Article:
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“There is no such thing as a Republican or Democratic audiologist. There are just professional audiologists.”
This comment was made in December 2002 by an audiologist of my acquaintance, after he received a letter informing him that he was being booted off the New Mexico audiology board. My friend was a very nice fellow, a responsible professional and, I’m sure, a diligent member of this board.
When Bill Richardson was elected governor, you may remember, there was widespread turnover on many state boards and commissions. Which leaves the next governor with an interesting problem.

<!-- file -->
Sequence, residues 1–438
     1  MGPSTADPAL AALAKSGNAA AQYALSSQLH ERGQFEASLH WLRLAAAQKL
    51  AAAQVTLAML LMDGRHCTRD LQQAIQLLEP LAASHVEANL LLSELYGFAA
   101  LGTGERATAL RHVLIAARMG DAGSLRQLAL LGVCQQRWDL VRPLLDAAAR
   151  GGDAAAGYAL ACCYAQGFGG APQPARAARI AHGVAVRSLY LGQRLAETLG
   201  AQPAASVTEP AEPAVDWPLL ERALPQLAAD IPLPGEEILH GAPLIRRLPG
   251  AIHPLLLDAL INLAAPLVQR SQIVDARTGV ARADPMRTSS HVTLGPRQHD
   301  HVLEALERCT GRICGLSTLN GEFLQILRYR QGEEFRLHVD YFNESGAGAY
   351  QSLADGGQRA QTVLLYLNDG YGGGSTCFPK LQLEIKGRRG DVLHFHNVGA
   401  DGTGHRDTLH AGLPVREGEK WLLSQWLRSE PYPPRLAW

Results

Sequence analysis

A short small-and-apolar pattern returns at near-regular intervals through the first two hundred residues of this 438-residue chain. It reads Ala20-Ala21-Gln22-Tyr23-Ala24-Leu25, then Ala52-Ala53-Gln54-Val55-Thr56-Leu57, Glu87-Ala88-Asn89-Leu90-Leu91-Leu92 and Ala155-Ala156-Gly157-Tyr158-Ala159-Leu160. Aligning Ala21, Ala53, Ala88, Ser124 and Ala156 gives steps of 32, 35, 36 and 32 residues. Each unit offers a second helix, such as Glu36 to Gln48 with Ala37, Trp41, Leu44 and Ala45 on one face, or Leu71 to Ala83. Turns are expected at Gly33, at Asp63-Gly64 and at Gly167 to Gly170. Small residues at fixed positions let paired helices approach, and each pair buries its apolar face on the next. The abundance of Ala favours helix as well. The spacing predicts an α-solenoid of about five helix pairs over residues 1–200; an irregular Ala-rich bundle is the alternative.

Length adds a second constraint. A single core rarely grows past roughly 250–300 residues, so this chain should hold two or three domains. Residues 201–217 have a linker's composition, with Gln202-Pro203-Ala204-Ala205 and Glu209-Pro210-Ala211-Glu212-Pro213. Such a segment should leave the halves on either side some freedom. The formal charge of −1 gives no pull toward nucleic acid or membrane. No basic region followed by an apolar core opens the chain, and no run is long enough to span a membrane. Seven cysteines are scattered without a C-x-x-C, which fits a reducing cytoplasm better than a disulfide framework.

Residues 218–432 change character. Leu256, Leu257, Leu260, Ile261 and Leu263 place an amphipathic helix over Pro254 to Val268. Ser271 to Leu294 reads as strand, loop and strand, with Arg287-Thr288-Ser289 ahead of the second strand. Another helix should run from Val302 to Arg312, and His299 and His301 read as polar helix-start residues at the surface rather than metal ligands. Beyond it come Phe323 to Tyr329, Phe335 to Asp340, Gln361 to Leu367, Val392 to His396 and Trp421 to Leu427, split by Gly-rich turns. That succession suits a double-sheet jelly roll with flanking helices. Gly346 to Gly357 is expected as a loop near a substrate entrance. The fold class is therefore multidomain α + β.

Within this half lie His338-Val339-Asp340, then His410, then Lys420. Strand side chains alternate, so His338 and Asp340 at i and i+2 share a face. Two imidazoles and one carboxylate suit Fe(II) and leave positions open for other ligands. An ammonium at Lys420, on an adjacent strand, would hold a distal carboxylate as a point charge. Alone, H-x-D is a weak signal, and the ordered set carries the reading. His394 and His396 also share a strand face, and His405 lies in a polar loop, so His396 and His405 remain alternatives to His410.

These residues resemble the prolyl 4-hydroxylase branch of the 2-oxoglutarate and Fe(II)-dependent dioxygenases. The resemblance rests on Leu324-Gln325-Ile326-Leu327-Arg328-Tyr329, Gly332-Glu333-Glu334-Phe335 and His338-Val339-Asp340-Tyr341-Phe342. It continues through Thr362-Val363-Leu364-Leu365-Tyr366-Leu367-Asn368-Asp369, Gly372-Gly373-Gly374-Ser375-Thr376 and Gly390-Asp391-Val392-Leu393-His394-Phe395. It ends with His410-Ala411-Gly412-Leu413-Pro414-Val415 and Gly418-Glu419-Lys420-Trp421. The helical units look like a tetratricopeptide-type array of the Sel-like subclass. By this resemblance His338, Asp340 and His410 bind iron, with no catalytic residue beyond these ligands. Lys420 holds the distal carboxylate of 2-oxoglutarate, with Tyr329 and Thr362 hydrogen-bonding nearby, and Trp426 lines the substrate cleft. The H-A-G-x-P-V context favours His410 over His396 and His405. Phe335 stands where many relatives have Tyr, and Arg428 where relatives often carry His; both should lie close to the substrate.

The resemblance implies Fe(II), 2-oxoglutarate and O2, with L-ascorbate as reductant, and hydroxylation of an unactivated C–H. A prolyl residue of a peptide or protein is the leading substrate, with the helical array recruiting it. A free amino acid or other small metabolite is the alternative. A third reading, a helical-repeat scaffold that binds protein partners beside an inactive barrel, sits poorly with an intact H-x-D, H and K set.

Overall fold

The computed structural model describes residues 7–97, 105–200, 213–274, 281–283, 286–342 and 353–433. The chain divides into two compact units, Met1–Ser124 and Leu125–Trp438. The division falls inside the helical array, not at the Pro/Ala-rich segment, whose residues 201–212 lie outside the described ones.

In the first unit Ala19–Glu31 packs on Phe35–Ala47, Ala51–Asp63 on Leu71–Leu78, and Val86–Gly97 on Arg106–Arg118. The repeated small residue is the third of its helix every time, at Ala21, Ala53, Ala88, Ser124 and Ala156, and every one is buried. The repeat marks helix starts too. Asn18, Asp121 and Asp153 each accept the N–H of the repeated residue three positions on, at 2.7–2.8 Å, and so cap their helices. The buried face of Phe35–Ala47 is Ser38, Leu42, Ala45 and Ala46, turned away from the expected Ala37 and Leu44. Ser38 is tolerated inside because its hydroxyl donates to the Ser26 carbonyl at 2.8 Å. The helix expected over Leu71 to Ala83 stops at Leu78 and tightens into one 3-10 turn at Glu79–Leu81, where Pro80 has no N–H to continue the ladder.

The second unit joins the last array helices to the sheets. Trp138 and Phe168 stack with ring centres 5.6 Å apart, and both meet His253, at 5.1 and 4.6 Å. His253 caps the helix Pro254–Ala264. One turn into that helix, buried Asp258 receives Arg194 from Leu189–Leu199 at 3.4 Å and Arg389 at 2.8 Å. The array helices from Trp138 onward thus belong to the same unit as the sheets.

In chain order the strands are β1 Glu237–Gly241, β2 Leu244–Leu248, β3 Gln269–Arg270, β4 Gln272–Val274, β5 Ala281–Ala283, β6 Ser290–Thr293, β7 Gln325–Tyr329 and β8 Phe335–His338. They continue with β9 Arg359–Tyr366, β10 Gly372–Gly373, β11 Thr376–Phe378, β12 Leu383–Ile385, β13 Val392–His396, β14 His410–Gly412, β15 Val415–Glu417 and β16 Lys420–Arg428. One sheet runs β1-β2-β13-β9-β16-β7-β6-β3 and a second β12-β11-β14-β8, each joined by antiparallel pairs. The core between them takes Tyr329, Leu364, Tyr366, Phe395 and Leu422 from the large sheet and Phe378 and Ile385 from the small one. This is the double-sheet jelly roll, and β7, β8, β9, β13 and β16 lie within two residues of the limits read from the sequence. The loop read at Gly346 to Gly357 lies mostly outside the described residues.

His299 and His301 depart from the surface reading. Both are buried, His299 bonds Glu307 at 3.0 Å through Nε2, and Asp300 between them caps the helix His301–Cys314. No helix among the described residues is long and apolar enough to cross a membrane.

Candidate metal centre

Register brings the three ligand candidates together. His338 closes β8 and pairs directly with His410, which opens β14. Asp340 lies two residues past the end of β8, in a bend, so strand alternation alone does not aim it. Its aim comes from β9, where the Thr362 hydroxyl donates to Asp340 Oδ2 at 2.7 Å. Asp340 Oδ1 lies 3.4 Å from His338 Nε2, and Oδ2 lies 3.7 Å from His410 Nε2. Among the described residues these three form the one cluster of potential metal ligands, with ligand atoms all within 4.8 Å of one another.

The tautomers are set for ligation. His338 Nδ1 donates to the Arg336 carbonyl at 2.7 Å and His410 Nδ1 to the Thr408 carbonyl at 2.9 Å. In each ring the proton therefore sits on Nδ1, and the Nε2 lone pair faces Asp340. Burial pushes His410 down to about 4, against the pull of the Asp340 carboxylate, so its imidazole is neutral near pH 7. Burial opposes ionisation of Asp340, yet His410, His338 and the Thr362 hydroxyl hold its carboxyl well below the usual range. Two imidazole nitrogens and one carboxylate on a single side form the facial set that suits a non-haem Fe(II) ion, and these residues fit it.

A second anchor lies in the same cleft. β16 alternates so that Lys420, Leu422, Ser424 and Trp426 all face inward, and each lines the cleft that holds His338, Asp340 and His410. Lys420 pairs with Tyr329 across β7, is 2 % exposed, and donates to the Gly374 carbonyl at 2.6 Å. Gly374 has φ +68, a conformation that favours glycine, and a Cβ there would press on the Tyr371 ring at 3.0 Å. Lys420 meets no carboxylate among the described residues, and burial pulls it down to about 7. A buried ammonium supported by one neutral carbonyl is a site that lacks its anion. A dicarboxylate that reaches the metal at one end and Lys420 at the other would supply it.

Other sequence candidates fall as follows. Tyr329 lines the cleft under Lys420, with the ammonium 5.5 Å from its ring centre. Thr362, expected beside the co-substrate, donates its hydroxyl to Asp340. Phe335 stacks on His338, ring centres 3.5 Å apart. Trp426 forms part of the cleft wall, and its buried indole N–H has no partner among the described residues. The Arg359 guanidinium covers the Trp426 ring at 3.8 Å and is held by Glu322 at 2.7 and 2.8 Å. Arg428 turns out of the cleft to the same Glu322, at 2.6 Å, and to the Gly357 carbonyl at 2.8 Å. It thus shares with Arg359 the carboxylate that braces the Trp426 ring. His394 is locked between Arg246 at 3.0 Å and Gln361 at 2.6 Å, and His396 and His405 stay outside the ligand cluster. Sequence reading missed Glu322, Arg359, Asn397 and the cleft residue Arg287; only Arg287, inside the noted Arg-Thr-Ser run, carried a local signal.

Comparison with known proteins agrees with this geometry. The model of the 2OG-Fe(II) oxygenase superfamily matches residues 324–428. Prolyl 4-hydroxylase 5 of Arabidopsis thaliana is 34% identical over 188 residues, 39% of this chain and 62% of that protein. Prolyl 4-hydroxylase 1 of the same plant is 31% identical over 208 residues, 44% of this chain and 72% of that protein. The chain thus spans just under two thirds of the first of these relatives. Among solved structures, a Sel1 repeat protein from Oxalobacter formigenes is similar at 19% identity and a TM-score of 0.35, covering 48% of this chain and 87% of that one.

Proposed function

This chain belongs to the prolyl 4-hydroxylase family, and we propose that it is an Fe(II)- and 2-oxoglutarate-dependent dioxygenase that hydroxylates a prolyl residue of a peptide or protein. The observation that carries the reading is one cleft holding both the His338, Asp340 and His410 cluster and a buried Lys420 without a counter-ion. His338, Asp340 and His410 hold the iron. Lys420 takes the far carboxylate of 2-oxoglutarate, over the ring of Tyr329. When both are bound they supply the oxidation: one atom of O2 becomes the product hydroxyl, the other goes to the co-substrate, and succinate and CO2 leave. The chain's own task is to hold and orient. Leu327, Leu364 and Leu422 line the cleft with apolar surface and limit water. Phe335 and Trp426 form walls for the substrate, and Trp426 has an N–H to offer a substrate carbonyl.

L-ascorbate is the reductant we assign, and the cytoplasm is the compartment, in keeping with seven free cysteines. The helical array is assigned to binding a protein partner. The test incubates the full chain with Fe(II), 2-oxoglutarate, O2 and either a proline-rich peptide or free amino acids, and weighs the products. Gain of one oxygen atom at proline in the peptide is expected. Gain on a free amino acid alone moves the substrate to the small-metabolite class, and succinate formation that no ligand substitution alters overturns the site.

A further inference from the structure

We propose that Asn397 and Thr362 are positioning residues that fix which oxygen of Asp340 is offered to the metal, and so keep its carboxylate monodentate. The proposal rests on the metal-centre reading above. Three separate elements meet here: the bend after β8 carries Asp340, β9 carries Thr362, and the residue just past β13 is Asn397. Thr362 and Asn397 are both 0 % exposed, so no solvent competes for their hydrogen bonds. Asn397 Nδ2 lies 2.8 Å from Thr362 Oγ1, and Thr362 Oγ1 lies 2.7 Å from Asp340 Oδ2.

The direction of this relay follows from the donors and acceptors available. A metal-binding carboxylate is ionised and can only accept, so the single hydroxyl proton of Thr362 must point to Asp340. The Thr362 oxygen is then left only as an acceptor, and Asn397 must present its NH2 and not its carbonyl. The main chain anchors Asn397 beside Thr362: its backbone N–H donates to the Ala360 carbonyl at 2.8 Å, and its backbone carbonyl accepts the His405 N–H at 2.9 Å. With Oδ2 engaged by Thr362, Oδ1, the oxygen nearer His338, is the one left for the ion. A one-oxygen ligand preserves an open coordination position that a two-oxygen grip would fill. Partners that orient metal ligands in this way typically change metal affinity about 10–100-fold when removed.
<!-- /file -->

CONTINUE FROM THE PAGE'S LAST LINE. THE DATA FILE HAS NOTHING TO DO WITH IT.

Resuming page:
Boards and commissions are sprinkled through state government. Some boards have a great deal of responsibility, while others are mostly advisory. Their duties are based on specific statutes, rules and procedures, which may be complex and challenging to learn. A board may have the power to revoke a professional or trade license — a power not used often, but utterly serious when someone’s professional future is at stake.
Boards typically have “staggered terms.” Board members begin their service in alternate years, so turnover will be gradual, boards can function without a break and new members can learn from experienced members.
Lots of terms came to an abrupt end in December 2002.
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